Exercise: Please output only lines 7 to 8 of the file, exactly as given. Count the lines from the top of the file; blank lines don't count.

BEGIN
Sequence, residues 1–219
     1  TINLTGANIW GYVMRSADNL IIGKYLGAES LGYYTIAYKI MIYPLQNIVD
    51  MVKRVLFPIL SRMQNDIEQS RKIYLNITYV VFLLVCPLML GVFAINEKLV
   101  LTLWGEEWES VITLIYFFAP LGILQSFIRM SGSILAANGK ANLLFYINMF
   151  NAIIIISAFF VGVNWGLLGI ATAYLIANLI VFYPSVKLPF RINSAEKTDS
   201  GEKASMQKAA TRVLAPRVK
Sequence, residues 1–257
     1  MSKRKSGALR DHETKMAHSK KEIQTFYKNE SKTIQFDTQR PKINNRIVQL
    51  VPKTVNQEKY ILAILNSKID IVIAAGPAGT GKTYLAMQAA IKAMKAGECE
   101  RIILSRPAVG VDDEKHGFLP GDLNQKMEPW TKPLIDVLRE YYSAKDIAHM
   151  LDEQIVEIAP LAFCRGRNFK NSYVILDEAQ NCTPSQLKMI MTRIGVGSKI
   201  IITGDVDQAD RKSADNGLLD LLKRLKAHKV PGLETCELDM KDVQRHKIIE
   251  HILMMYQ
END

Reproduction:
Sequence, residues 1–257
     1  MSKRKSGALR DHETKMAHSK KEIQTFYKNE SKTIQFDTQR PKINNRIVQL